It took nearly three years for Lynnette Khalfani-Cox, The Money Coach® and author of "Zero Debt: The Ultimate Guide to Financial Freedom," to pay off $100,000 in credit card debt.
But in the process of her six-figure debt payoff journey, Khalfani-Cox gained more than just financial freedom. She also adopted some new money habits to maintain what she calls a "Zero Debt mindset."
Before she buys stuff or makes any new purchases, these are the two questions she asks herself to be a more disciplined spender and avoid debt. "Just asking myself these kinds of questions helps me to make better financial choices," Khalfani-Cox tells CNBC Select.
Below, we break down how each of these questions could help not just Khalfani-Cox, but everyone to stay away from credit card debt.
The decision to use cash or credit for your everyday purchases is a personal choice. Some people may like that having to use physical dollar bills helps control their spending, while others are happy to use credit knowing that they won't spend above their means.
This is an important question to ask yourself because it makes you stop and think about how you manage money. For Khalfani-Cox, it helps remind her of how she used credit when she was in debt.
"I used credit as a crutch and as a lifestyle tool," she says. "When I didn't have money for something, I whipped out a credit card."
As long as you're thoughtful and smart about how you use them, credit cards can be financial tools for your wallet. For example, using a rewards credit card can earn you points and miles, while a flat-rate cash-back card can help put money back in your pocket every time you make a purchase. Some even encourage paying your bills on time.
Check out the Citi® Double Cash Card, which lets cardholders earn 2% cash back: 1% on all purchases and an additional 1% after they pay their credit card bill.
Second to paying your credit card bills on time is making sure you pay them off in full. Carrying a balance month to month does not help your credit score (a common myth), and it gets expensive. With most credit card issuers charging daily interest after your billing cycle ends, your balance increases steadily each day it goes unpaid — causing it to quickly skyrocket.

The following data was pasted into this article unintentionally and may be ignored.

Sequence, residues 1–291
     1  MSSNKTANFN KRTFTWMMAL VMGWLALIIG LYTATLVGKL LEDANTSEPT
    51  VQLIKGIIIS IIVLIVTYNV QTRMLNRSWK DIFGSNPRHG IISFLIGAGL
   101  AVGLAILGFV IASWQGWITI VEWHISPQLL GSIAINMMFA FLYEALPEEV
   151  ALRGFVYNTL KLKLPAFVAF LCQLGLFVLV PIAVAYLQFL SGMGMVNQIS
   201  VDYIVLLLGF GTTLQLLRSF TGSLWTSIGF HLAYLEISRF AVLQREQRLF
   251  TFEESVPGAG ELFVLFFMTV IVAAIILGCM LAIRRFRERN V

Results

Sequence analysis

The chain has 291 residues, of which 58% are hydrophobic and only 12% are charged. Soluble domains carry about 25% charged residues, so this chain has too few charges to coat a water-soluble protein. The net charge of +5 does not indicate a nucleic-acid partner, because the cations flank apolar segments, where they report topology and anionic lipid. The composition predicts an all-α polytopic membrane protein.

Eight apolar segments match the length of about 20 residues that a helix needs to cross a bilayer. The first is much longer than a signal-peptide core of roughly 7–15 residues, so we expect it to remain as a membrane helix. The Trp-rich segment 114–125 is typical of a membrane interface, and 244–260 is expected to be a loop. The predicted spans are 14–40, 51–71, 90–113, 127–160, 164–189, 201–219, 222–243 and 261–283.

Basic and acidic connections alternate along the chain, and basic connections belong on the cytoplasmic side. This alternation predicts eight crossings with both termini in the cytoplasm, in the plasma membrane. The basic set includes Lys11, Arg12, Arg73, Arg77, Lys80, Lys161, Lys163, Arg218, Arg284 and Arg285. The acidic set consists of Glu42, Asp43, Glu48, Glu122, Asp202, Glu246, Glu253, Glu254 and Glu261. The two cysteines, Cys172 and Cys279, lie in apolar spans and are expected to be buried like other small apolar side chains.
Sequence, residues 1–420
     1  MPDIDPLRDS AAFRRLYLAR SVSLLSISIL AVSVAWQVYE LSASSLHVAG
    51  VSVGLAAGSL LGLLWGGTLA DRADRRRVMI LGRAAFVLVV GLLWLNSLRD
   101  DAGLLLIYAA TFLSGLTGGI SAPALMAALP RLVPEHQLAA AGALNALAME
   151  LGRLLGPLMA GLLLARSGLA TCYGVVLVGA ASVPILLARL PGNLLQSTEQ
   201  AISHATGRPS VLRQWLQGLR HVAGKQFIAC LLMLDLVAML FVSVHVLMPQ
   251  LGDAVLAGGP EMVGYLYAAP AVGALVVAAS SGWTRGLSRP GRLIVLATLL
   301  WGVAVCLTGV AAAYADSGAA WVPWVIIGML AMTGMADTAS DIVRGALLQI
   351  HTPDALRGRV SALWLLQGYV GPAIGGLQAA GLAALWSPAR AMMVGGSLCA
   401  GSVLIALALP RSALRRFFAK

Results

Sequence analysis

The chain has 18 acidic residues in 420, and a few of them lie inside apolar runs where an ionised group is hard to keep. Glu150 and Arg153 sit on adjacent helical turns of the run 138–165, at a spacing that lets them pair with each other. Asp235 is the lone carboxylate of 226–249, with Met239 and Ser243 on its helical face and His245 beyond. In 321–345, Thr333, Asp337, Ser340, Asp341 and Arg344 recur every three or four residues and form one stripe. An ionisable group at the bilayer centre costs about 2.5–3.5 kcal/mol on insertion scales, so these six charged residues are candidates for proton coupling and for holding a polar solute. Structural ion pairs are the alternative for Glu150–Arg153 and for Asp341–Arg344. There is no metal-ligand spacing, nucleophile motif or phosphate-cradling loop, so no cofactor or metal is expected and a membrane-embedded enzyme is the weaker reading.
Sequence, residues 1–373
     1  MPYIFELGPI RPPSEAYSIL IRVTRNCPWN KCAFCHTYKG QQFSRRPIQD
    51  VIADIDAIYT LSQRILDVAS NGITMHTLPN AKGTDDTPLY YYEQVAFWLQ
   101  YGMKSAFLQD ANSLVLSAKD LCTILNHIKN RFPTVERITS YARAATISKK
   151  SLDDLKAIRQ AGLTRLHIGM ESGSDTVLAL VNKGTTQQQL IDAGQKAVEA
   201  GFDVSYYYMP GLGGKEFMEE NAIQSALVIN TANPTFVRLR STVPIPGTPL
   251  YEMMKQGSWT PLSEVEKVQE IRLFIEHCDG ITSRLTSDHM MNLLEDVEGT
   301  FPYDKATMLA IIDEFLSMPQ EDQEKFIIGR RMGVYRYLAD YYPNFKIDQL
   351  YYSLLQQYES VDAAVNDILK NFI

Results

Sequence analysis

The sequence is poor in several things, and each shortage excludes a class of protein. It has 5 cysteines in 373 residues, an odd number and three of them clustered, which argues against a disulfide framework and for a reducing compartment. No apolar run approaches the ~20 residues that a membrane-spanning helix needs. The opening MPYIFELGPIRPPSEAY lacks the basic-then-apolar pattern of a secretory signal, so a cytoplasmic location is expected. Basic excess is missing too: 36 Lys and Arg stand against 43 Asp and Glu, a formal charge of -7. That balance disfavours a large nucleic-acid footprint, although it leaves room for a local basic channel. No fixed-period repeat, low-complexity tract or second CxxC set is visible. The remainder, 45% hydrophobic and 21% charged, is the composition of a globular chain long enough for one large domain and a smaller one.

This is a question every credit cardholder should ask themselves. For Khalfani-Cox, who knew that excessive spending was the "true pain point" that got her into high debt before, she today adheres to certain spending strategies. For example, when traveling she makes sure she has a budget upfront that she know she can afford. (Here's how to create a budget in five steps.)
To make her way out of debt, Khalfani-Cox says an important step was doubling and tripling her credit card payments. Before she got aggressive about her payoff plan, she was only making minimum payments each month.
"That was a debt trap and part of why I stayed in debt so long," she says. "Once I started making two and three times the minimum payments required, I was able to more quickly chip away at those bills." Paying more than the minimum allows you to actually make a dent in your principal balance in addition to the interest accrued.
If you don't think you can immediately pay off a certain expense that you are anticipating making, consider using a credit card that offers an introductory period of zero interest on new purchases. To get the most use out of these types of credit cards, you would want to make sure that after the introductory period you can pay your purchases off in full so you don't end up accruing interest. Zero-interest cards usually require good to excellent credit scores.
Check out the U.S. Bank Visa® Platinum Card, which offers 0% interest for the first 20 billing cycles on both balance transfers and purchases (after, 13.99% to 23.99% variable APR).
Information about the U.S. Bank Visa® Platinum Card has been collected independently by CNBC and has not been reviewed or provided by the issuer prior to publication.